About This Content
The GE 44-ton switcher is a small but tough switching locomotive first built in the 1940s, and is now available as a Pennsylvania Railroad switcher for the Horseshoe Curve.
Built by General Electric specifically to weigh no more than 44 short tons in order to fit in with the labour agreements for train crews in those days, the GE 44-tonner was created during the early days of the transition from steam to diesel freight haulage in North America and found work on railroads across the country. Regulations at the time said that any locomotive weighing more than 44 tons must have a second crewman in the cab: the GE 44-tonner could be run with only a driver, saving money for the railroad. More than 350 examples were built up until 1956, with various power units being fitted over the years, and around 20 still exist in preservation across the US and beyond.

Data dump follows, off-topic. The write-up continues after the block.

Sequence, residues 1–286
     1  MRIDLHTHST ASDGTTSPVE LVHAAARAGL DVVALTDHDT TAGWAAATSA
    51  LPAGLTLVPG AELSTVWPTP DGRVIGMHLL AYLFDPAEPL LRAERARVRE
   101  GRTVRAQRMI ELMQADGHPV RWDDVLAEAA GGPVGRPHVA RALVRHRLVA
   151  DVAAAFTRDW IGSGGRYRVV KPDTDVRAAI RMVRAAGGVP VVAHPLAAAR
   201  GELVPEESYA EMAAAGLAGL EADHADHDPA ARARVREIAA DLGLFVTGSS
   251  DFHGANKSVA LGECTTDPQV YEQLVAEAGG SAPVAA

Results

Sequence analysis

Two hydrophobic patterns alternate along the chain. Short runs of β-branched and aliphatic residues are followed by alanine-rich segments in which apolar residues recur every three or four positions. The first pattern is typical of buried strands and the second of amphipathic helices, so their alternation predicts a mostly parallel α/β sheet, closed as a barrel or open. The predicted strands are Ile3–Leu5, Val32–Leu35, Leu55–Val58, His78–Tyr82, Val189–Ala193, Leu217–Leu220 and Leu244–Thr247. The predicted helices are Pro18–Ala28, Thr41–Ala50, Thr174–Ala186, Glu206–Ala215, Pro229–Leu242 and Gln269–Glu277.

Developed for RailSimulator.com by Digital Train Models, the GE 44-ton switcher comes in PRR black livery with scenarios for the Horseshoe Curve route.
Includes the General Electric 44-Tonner switcher diesel locomotive in Pennsylvania Railroad black livery, featuring opening cab doors and windows.
4 scenarios for Horseshoe Curve:
- Ins and Outs at Altoona
- Pullin' out of Picardi
- Out of the Shed
- Rarely on the Main